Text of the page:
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A total of 372,000 trees are to be planted as part of a £1million scheme to create a new native woodland at Dunvegan on Skye.
After more than a year and a half in development, the MacLeod Estate’s new native woodland creation scheme has been awarded the grant from the Scottish Government and EU.
The project is being overseen by Scottish Woodlands Ltd, which will plant the scheme on the estate’s behalf by the end of 2021.
This project is the first phase of the MacLeod Estate’s evolving rewilding strategy which estate director, Hugh MacLeod, has been working on for the last few years.
It is the most ambitious project of its size on Skye, with this first phase focusing on transforming the marginal land of Dunvegan’s former home farm, Totachocaire, into a 240 hectare (593 acre) native woodland area that will treble the size of the existing contiguous woodlands around the Clan MacLeod’s iconic family seat of Dunvegan Castle and Gardens.
A total of 372,000 trees will be planted with different species mixtures to suit the land’s terrain and ecology. The carbon offset is estimated to exceed 40,000 tons over a 65-year period.
This is in addition to the 60,000 native trees planted by the estate a decade ago, to replace a monoculture coniferous plantation dating back to the post-war years, with further rewilding and peatbog restoration plans in development.
As the largest native woodland project of its kind on Skye, this will bring the total number of native trees planted on the MacLeod Estate since 2010 to 432,000.
This is a modest start, but the hope is that this will encourage others to take on rewilding initiatives large and small to restore parts of Skye’s unnatural ‘wet desert’ landscape which is a legacy of centuries of depredation caused by over grazing and high numbers of deer.
In common with other Highland areas, some aspects of Skye’s current lunarscape appearance may be beautiful, but it is not natural. The extensive peatbog on the island is clear evidence of ancient and extensive woodlands.
This project aims to restore this piece of marginal land and the estate hopes that it will have a positive ripple effect for the local community beyond the obvious ecological benefits, creating more jobs in sustainable eco-tourism and more rewilding initiatives to help combat climate change.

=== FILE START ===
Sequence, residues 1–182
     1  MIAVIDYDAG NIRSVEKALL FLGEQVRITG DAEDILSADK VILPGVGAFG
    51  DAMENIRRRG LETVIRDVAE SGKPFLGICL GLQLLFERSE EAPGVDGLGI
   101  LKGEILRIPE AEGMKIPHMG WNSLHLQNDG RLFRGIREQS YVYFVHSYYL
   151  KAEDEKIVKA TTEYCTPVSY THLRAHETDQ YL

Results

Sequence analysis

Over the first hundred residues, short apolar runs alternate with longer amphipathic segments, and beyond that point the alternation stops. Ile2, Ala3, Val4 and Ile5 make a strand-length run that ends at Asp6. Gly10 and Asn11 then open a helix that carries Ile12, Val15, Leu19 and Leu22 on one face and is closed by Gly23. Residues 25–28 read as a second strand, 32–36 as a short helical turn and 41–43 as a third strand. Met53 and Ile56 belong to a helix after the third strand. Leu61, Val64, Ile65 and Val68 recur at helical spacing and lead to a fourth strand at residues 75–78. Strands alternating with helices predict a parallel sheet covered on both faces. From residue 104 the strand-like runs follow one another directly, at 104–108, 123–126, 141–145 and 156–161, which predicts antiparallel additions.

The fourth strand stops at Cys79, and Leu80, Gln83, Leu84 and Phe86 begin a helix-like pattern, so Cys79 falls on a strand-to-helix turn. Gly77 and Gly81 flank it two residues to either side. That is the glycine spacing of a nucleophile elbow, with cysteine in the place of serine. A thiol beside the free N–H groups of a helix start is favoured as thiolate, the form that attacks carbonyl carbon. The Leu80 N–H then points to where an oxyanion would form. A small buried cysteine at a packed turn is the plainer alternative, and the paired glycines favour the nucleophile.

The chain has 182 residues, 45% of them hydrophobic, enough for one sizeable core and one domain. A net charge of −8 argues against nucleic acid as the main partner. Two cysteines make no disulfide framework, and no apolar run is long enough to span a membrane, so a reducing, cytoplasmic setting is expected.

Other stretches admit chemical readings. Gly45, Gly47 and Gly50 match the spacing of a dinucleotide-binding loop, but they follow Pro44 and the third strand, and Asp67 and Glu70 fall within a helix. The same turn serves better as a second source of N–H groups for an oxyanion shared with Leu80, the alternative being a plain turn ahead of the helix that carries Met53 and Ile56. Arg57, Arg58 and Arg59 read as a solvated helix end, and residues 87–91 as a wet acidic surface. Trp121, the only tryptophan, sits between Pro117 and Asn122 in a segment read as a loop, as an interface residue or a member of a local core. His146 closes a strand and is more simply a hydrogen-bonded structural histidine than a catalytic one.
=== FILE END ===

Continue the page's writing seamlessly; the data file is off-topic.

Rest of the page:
Mr MacLeod told the Lochaber Times: ‘In a difficult year of persistent bad news, I am thrilled that the MacLeod Estate has been awarded this grant for the largest and most ambitious native woodland creation project on the Isle of Skye to date.
‘I had the idea over 10 years ago, when I decided to stop farming at the estate’s Totachocaire Farm, which is not only marginal land, but was also loss making for almost every year of its operation since it was revived by my late father in the 1970s.
‘This is the first phase of our nascent rewilding plans and once the woodlands are established, this will create an extensive and biodiverse habitat to support a number of native species.’
Ben Goldsmith, an environmentalist and CEO of Menhaden PLC, a London-listed investment firm which focuses on energy and resource efficiency, explained: ‘Politicians, communities and landowners across Britain are coming to the realisation that restoring the terribly depleted natural fabric of our landscapes offers a pathway for ecological, economic and social renewal.
‘Hugh MacLeod’s ground-breaking nature restoration project at the historic Dunvegan Castle on Skye is one of the most exciting rewilding stories in Britain today.’
John Laing, Chair of Dunvegan and District Community Council, added: ‘The community council welcomes the MacLeod Estate’s ambitious plans to improve and enhance the Dunvegan Castle amenity woodlands.
‘We are all aware of the many benefits that woodlands bring to our wellbeing and increasingly to our environment and wildlife. The new woodland will, in time, be a tremendous asset for Dunvegan and for Skye. It will bring pleasure and enjoyment for locals and visitors for generations to come.’